I did as much as I could myself but the link that drives the shock is from my Stanton, the idler is from a Forbidden Druid, and two small links and the main pivot were machined locally – about 200m from where I live!
I made the carbon parts (swing arm plates, pivot and shock mounts, chain-guides) using a super cheap (200 euro!) CNC machine from Aliexpress! it even has a laser module which I used to create the stencils for the artwork. I’m so happy with that bit of kit.
The Stanton link was what made this design possible though, my original plan when I started this in November was to make a simple single pivot, but having the link in hand allowed me to go crazy 🙂
Does the finished geometry match the plan?!
Everything is spot on.
|** (446mm @ 25% sag)|
How much does it weigh?
The frame with all the linkages totals about 3.6kg. A bit on the porky side which surprised me but totally worth it. In comparison my bamboo hardtail weighs 2.05kg
Does it have a name?
I was toying with Warlock as a nod to the Druid which inspired me to build this, but for whatever reason it never happened! Maybe I should add the name now?
What design measures did you include to deal with the forces of the suspension on the frame? Any special reinforcements anywhere?
As I understand it, a proper engineer would employ something called an ‘Finite Element Analysis’ which is a computer simulation of the forces involved under use – but I am not a proper Engineer! I simply used lots and lots of carbon fibre in key areas and bolstered them with lots of hope and optimism. I think it has worked…….
What’s the process for getting the beautiful smooth and shiny finish on the joins?
Hard graft! I really wish there was some sort of secret to this, but alas it is simply lots of time and elbow grease. Through experience I have gotten a lot better at laying down the carbon fibre evenly and symmetrically, but once it cures under a wrap of compression tape it emerges full of hills and valleys which require sanding flat by hand which is immensely time consuming. I think the results are worth it though! A word of caution for anyone wanting to try the dust is hazardous and you need to wear an appropriately rated respirator.
What was the trickiest bit to get right during the build?
No single thing stands out, but with it being my first full suspension and having to learn everything in a short span of time, every step was like a new obstacle. It was also a challenge to remain optimistic about the outcome and not feeling like it was a stupid idea or beyond my ability, especially with not having access to a workshop or fancy equipment.
The Finished Earthbound Bike
How does it ride? Are you happy with it? Have you found any quirks? Anything you’d change in hindsight?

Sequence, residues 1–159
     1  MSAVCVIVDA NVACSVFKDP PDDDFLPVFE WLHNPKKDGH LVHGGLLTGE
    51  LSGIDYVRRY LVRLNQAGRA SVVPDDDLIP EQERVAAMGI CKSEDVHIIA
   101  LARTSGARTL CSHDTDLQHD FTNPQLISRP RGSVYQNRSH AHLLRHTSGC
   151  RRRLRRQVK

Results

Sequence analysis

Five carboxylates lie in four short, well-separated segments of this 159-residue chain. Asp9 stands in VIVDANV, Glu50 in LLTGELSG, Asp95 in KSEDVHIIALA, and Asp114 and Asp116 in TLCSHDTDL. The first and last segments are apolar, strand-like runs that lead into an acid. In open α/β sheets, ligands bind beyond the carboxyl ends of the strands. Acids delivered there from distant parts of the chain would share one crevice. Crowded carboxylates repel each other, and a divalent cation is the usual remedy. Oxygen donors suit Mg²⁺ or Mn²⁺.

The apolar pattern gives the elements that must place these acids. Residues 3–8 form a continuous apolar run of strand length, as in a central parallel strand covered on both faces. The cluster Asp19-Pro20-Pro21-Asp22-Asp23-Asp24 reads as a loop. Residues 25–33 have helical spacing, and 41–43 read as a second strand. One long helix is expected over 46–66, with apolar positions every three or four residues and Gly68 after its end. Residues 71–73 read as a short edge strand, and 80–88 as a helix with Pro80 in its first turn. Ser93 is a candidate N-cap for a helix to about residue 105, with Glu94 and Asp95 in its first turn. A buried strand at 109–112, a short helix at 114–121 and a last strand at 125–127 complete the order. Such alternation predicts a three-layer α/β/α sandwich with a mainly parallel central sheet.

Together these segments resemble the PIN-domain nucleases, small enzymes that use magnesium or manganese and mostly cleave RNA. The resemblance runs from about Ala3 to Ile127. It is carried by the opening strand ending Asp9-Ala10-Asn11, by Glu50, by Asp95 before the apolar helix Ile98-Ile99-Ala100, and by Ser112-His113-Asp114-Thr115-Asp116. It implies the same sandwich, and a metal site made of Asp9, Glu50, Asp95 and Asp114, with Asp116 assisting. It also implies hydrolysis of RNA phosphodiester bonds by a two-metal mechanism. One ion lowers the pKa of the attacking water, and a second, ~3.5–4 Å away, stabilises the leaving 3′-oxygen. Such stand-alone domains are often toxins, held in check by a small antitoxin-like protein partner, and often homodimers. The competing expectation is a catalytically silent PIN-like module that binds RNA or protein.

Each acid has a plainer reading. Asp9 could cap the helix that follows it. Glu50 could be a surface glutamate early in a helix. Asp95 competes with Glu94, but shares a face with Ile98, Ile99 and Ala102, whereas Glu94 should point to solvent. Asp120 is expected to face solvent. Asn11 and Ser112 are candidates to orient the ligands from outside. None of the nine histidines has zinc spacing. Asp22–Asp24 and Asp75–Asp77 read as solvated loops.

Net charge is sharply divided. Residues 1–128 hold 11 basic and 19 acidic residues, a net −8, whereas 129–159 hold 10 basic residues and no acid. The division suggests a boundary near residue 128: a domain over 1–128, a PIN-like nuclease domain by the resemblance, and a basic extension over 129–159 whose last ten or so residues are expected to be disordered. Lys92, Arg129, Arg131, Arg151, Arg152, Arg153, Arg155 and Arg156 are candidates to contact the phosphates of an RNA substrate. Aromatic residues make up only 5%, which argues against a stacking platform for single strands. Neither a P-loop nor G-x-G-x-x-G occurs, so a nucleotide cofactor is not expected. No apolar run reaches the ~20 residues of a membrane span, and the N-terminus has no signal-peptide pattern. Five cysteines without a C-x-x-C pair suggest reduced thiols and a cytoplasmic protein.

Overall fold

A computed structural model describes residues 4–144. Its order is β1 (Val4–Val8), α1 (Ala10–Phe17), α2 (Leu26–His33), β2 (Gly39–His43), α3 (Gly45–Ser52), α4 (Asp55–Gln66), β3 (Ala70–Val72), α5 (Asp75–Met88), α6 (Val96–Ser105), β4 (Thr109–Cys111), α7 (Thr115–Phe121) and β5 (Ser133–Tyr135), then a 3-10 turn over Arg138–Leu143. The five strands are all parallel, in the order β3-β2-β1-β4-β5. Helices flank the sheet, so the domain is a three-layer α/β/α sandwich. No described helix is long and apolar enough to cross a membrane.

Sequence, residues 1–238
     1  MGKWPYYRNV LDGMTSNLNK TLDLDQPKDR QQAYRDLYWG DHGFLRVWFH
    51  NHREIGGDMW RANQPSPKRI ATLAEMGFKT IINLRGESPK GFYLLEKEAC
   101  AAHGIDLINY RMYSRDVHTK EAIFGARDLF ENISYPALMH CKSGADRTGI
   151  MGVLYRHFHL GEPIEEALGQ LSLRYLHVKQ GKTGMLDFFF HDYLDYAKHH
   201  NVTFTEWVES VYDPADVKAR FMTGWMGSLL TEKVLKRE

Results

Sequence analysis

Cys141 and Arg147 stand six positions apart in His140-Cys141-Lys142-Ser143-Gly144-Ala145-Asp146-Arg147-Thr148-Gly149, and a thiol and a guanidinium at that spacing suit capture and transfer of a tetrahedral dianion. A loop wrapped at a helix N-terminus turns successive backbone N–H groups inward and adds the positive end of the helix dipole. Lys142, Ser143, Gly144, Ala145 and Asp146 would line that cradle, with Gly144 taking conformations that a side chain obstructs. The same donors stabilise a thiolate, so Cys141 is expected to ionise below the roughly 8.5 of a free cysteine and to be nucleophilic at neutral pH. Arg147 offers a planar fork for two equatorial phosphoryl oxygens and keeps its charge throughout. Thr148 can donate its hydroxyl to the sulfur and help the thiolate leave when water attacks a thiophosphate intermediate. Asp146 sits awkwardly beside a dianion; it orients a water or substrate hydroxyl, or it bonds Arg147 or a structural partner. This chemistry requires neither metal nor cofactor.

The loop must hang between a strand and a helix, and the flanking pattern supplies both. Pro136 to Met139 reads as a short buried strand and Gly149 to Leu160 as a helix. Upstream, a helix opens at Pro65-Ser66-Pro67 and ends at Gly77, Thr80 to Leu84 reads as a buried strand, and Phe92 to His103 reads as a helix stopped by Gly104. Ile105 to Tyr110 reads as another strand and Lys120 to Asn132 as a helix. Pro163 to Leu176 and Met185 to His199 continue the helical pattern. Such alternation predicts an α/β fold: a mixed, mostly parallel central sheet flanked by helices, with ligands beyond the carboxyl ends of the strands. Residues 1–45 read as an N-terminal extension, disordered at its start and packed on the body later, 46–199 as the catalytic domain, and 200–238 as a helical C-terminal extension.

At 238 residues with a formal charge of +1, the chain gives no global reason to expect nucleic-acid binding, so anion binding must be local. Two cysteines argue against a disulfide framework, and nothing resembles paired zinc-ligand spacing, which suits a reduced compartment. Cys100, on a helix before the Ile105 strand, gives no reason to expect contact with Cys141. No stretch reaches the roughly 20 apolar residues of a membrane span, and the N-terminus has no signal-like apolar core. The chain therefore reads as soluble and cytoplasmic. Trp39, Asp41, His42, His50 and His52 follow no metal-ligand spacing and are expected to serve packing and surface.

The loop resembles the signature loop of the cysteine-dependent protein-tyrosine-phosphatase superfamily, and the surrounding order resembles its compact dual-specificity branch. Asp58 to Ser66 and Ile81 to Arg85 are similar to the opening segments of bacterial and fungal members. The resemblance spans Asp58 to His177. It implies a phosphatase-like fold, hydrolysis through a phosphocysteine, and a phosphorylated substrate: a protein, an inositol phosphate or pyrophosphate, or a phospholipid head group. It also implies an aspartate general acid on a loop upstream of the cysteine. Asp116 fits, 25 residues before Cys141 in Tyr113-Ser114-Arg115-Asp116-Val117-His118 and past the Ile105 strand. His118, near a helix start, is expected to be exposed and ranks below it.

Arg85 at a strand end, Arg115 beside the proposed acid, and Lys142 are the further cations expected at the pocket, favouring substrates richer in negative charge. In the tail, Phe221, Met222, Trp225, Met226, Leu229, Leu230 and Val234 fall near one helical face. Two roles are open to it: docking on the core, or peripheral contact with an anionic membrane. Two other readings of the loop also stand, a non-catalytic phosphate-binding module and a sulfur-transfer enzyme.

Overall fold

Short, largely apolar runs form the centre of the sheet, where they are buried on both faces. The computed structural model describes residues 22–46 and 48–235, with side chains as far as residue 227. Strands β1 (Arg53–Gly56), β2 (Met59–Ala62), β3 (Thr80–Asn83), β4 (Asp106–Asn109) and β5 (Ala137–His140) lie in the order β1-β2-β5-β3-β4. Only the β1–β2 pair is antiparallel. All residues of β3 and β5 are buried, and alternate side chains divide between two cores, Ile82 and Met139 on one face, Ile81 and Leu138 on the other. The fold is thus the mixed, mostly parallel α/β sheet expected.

After I finished the Hardtail in November, I was so happy with how it turned out, the ride quality is something else. The vibration damping and slight flex just allows you to go faster than a normal hardtail with more grip and it’s less fatiguing too. I just had to try and carry this over to a full suspension. I was half expecting to end up with a lemon, but somehow it has all just worked! This new bike is by far the best bike I have ever owned and I wouldn’t change a thing about it. Strava also agrees!
Does it creak when riding it or hitting drops and rough stuff?
No weird noises, it’s actually very quiet.
Do you have an estimate of how many hours it has taken?
I deliberately shy away from ever timing a build because I feel that if I had an actual number, it would dissuade me from ever building again! But I have a feeling it is around 50 work hours on construction. Much more for all the time learning and designing!
The build pics make it look like you’re doing this project in corners of your living room and patio, rather than a fancy workshop. But then you’ve got a CNC machine, which is a pretty specialist bit of kit. What’s your set up really like – techno workshop heaven or elbow to elbow with the laundry?
Let’s just say my other half is very very accommodating! This is very much a home build.
What’s next? Another personal build project, or any plans to take this further?
I have been pretty full on and obsessive with this since last May and I have just become a new Dad so a break is due. But the next thing will surely be a balance bike for the little man! Or maybe a gravel bike for myself, Haha. But I don’t have any real plans to take things further, it’s something I would love to do but crafting everything more or less by hand makes it very time consuming, it leans more towards artistry than production. Also, I find the public perception of bamboo bikes is that they are just a novelty (their loss!). For now I am content with having made a bike which I absolutely love.
One thing for sure is that this last bike has lit a fire in me for designing so who knows what the future holds, I’m always open to opportunities and would love the chance to collaborate on something else and develop my skills further.
It’s certainly a beautiful bike skilfully created. If you want to see how not to build a bamboo bike (or how it might turn out if you’re not yet adept at building much more than Lego) then check out the making of the Bamboo Bastard.
We couldn’t let the opportunity to dig this utterly incredible and unique bike review out from the archives at this point.